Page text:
Selah Mayor Sherry Raymond cast the deciding vote to give City Attorney Rob Case a raise on Tuesday as protesters chanted “No Raise for Case!” outside City Hall.
The chant could be heard on the Zoom call as the council approved a $1,000 per month raise for Case, who works for the city on contract. His new compensation of $10,000 per month will match the one given to his predecessor, Bob Noe.
“There was an understanding that this was more of a “get to know you” price as far as his monthly and yearly income,” City Administrator Don Wayman said, noting record-breaking sales tax receipts the past two months gave the city adequate funds. “As far as the mayor and I are concerned, he’s more than earned the ability to draw on the additional thousand dollars to put him on par with our previous attorney.”
Council members Kevin Wickenhagen, Jacquie Matson and Cliff Peterson joined Raymond in voting to approve the raise. Although Russ Carlson and Roger Bell praised Case’s work for the city, they voted no along with Suzanne Vargas, arguing the raise should wait until the next budget at the end of the calendar year.
Some members of the public went further, saying Case should no longer work for Selah given his role in several recent controversies. Case wrote a letter warning a Selah family it could be prosecuted for writing Black Lives Matter chalk messages on the street and filed a lawsuit as a private individual against Selah citizens for defamation.
Case repeatedly spoke out against chalk art, including when he spoke to talk radio host Dori Monson on a Seattle-based station about city employees removing a memorial to a fallen soldier on July 4. Community member Anita Callahan said although Case wanted to show messages weren’t being erased due to political content, she believes that was just an illusion.
“He was on there and it was almost like he was braggadocious about removing it,” Callahan said via phone call Tuesday night. “That was just sickening.”
She also joined others in expressing concern that Case has worked in a private capacity for Wayman, who recommended the raise. Wayman said Washington State Bar Association ruled it’s not a conflict of interest, and both he and Case have signed waivers to that effect.
Five of the 24 public comments read by executive assistant Monica Lake urged the council to vote against a raise for Case. Another 11 criticized Wayman or the city in general and one condemned Black Lives Matter protesters. Lake said seven other comments could not be read.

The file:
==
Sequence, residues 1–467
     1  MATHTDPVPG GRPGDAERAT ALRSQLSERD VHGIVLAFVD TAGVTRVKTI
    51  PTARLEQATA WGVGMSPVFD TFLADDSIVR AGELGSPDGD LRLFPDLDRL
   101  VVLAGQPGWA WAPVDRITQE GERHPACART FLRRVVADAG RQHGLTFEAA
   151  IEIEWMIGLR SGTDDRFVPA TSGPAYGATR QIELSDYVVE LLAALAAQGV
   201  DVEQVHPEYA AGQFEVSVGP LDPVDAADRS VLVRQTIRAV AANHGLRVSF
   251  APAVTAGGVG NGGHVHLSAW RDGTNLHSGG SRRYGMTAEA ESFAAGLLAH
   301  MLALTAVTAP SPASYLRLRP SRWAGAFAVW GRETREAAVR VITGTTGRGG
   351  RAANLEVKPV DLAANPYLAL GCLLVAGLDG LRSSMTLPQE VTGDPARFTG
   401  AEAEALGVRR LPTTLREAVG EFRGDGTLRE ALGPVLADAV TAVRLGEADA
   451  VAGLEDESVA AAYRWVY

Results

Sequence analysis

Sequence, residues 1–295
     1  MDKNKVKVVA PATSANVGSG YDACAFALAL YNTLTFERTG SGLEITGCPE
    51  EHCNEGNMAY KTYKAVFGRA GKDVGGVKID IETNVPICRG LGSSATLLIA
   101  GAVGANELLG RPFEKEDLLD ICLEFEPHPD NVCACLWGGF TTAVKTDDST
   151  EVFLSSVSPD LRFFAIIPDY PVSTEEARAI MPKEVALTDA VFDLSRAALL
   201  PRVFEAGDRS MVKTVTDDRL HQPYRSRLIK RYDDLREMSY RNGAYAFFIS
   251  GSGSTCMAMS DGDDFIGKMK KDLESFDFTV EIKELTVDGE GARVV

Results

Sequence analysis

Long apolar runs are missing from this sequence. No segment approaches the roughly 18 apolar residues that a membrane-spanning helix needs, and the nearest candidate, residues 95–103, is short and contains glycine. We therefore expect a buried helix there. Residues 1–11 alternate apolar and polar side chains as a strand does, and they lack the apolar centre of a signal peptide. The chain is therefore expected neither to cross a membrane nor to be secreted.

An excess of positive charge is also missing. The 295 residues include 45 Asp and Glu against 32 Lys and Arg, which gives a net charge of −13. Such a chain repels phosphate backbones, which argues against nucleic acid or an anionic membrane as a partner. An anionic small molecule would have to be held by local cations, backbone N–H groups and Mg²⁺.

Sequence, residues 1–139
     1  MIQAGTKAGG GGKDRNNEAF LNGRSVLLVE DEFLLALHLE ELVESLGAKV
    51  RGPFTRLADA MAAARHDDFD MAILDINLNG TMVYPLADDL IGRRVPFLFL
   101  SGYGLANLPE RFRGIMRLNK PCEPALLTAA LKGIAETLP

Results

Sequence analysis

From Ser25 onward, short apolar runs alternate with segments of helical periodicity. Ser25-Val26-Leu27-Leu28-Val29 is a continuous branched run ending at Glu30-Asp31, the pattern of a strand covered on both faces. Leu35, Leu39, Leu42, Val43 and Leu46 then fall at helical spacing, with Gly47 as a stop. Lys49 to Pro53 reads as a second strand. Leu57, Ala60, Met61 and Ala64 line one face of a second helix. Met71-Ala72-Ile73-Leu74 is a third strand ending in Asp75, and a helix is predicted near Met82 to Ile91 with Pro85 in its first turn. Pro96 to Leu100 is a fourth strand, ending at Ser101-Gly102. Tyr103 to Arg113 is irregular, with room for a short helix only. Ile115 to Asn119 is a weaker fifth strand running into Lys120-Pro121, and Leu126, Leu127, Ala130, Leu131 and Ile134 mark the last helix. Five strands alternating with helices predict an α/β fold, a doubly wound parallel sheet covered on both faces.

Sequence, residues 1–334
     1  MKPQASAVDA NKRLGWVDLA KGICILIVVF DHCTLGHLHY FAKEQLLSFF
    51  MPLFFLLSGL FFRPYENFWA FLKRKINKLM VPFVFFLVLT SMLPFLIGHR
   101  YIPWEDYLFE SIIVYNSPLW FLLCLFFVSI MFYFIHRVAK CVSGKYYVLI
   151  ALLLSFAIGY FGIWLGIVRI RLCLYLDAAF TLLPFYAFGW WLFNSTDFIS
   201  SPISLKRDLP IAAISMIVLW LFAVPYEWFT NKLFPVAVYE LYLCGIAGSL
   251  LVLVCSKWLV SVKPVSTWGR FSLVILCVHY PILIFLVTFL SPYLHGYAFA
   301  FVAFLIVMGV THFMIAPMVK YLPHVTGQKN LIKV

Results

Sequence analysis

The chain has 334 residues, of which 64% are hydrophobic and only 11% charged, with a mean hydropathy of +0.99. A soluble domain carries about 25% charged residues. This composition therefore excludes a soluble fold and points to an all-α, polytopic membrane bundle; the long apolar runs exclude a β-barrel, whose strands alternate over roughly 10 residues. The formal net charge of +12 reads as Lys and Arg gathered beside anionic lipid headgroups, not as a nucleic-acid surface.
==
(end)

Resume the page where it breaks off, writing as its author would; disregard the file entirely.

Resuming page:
During the meeting, about 26 protesters gathered outside to raise awareness for SAFE, the Selah Alliance for Equality. They left around 20 signs for Black Lives Matter and advocating for the firing of Wayman.
Community member Bill Callahan said it’s illegal for the city to continue to remove political signs, such as the ones put up outside of Selah’s convention center. He said Public Works Director Joe Henne told him to call Wayman for more information as to why the signs were taken down while a sign promoting Republican gubernatorial candidate Raul Garcia remains in front of the building.
• COVID grants: Wayman said the city should be able to distribute about $150,000 to Selah businesses adversely affected by COVID-19.
Katrina Henkle of the Selah Downtown Association expects those grant applications to be available by the beginning of next week. She also noted that more free masks for businesses are available and a group of volunteers is working on webinars to help people deal with mental health issues related to the virus.
• New police, fire chiefs: Four candidates, including two in-house, have already applied to replace outgoing police chief Richard Hayes.
He plans to retire at the end of August, and applications will close for initial review on Aug. 31. Deputy Chief Eric Steen will lead the department on an interim basis and Wayman is confident the city will find a strong replacement.
Selah Fire Chief Gary Hanna plans to retire next year. If fire commissioners approve, Deputy Chief Jim Lang will take over the top spot and someone will be hired to fill his position.
This story has been changed to correct Don Wayman's title and that five letters opposed a raise for City Attorney Rob Case.